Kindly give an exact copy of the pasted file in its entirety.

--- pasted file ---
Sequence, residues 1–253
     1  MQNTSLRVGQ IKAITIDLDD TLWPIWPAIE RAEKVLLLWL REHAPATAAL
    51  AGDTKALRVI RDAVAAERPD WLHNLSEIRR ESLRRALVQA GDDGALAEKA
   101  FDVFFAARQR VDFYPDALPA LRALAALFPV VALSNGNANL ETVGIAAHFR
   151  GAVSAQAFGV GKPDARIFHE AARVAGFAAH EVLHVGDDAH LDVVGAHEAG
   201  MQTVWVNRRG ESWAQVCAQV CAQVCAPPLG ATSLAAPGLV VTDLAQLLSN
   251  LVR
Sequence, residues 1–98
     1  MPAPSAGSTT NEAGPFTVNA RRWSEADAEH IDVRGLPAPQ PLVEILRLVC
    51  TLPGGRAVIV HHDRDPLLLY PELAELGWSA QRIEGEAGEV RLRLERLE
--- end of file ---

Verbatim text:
Sequence, residues 1–253
     1  MQNTSLRVGQ IKAITIDLDD TLWPIWPAIE RAEKVLLLWL REHAPATAAL
    51  AGDTKALRVI RDAVAAERPD WLHNLSEIRR ESLRRALVQA GDDGALAEKA
   101  FDVFFAARQR VDFYPDALPA LRALAALFPV VALSNGNANL ETVGIAAHFR
   151  GAVSAQAFGV GKPDARIFHE AARVAGFAAH EVLHVGDDAH LDVVGAHEAG
   201  MQTVWVNRRG ESWAQVCAQV CAQVCAPPLG ATSLAAPGLV VTDLAQLLSN
   251  LVR
Sequence, residues 1–98
     1  MPAPSAGSTT NEAGPFTVNA RRWSEADAEH IDVRGLPAPQ PLVEILRLVC
    51  TLPGGRAVIV HHDRDPLLLY PELAELGWSA QRIEGEAGEV RLRLERLE